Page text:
Delusion points by Stephen M Walt, an article in Foreign Policy.http://www.foreignpolicy.com/articles/2 ... ?page=fullThe Iraq war was a screw-up of such colossal magnitude that it's easy to forget how many discrete screw-ups went into the making of it. There were the nonexistent weapons of mass destruction and the nonexistent links between Saddam Hussein and Osama bin Laden. There's the humiliating spectacle of Secretary of State Colin Powell presenting hours of bogus testimony to the U.N. Security Council. There was Paul Wolfowitz's bizarre claim that the war would pay for itself, when the real price tag is now in excess of $1 trillion. And let us not forget the 4,000 Americans and 100,000 Iraqi civilians dead, more than 30,000 American soldiers wounded, and several million Iraqi refugees forced to flee their homes. A strategy that was supposed to bring U.S.-friendly democracy to the Middle East instead produced an empowered Iran and a more fragile balance of power in the region. The only thing more astonishing than the scope of these blunders is the fact that the former president does not regret his decision, even now.When it turned out that Iraq did not have any weapons of mass destruction, Bush tried to justify the invasion as part of a broader campaign to spread democracy in the Middle East. Unfortunately he was no better at that than he was at finding mobile bioweapons labs or chemical weapons caches. Bush pressed the Palestinian Authority to hold legislative elections in 2006, but when Hamas won, he simply refused to accept the results. For Bush, it seemed, democracy only made sense when the candidates that he liked won. The White House subsequently tried to foment a Fatah-led coup, a ploy that backfired and left Hamas in charge of Gaza and the Palestinians badly divided.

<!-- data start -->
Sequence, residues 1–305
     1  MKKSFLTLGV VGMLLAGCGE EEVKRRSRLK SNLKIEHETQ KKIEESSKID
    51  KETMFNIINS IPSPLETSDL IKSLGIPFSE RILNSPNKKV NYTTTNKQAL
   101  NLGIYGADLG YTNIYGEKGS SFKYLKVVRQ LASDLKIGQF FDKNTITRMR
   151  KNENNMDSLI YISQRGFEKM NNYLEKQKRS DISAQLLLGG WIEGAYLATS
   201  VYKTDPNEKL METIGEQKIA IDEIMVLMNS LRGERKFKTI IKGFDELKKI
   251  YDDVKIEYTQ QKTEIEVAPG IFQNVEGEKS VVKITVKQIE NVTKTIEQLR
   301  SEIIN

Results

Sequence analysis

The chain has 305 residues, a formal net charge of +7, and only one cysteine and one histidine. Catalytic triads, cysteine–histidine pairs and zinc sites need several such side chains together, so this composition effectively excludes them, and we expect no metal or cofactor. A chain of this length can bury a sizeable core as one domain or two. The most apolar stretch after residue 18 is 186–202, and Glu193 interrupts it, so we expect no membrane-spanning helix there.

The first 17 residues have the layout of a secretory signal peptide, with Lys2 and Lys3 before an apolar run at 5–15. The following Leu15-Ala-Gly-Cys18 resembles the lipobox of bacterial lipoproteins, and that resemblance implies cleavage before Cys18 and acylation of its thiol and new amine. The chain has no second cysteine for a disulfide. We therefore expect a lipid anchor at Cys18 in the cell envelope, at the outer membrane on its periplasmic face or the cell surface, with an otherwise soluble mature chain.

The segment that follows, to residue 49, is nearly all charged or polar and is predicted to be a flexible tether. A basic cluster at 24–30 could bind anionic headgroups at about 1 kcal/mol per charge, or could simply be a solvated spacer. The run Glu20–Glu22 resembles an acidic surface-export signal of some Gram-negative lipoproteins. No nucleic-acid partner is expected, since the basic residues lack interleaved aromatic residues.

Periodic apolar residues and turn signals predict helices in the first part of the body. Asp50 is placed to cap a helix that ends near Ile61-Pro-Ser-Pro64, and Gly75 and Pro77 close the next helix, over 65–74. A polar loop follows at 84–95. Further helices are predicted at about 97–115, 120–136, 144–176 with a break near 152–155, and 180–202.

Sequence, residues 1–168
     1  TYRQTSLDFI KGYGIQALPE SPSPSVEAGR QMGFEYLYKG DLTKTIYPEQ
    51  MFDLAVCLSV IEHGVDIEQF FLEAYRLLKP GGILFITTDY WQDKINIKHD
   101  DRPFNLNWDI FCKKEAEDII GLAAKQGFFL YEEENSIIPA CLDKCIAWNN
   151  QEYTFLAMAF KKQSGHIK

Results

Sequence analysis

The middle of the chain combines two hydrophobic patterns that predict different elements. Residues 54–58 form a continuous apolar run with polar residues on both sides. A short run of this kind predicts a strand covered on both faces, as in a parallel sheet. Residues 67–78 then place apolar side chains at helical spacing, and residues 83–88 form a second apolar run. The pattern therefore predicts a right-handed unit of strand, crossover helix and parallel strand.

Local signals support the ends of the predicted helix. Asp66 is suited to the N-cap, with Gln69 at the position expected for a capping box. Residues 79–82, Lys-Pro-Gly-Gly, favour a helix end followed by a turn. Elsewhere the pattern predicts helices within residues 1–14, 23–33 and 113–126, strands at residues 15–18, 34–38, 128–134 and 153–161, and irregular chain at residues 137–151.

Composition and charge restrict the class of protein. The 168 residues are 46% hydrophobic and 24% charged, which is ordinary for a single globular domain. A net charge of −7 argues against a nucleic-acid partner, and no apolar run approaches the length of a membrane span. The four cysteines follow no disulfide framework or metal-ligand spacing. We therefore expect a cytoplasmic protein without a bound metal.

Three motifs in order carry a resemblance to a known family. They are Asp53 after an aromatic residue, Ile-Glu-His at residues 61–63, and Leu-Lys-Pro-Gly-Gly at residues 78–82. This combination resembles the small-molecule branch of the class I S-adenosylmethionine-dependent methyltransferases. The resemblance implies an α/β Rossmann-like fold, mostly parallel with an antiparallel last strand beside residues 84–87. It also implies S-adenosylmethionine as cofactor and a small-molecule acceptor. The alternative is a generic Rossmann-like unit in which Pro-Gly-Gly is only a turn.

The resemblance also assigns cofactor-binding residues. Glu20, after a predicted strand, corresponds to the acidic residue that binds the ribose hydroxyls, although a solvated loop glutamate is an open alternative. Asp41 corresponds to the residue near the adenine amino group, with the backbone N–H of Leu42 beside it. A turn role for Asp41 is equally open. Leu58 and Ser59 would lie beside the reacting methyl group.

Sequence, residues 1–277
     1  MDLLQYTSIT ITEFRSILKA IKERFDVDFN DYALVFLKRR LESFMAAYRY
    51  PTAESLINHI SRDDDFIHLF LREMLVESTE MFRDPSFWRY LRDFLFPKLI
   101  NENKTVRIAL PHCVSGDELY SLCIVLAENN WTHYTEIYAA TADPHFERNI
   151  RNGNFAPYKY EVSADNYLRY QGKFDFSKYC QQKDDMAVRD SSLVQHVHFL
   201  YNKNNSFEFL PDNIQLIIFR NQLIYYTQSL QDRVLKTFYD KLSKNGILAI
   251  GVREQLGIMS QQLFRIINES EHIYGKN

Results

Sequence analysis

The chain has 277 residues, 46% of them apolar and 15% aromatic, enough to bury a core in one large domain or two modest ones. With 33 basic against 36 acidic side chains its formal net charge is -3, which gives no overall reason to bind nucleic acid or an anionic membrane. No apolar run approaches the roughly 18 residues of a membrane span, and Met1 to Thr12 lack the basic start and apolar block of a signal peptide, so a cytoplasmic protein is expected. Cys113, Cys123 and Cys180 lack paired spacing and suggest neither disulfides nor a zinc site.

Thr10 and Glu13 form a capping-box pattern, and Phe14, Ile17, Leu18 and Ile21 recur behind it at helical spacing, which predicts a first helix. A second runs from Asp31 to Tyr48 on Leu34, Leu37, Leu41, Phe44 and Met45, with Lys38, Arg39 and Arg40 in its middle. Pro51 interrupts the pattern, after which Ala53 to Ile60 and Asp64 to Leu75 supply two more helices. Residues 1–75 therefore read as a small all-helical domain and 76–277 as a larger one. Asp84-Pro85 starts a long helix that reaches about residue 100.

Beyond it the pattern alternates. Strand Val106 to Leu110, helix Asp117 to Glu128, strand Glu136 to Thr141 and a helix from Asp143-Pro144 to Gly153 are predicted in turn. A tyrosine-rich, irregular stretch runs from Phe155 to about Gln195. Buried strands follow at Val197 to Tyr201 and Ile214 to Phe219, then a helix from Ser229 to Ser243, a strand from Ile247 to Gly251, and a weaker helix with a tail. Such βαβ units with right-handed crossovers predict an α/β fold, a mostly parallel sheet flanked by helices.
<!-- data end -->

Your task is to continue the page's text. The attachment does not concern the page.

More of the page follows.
Nothing new, but it's a nicely condensed article.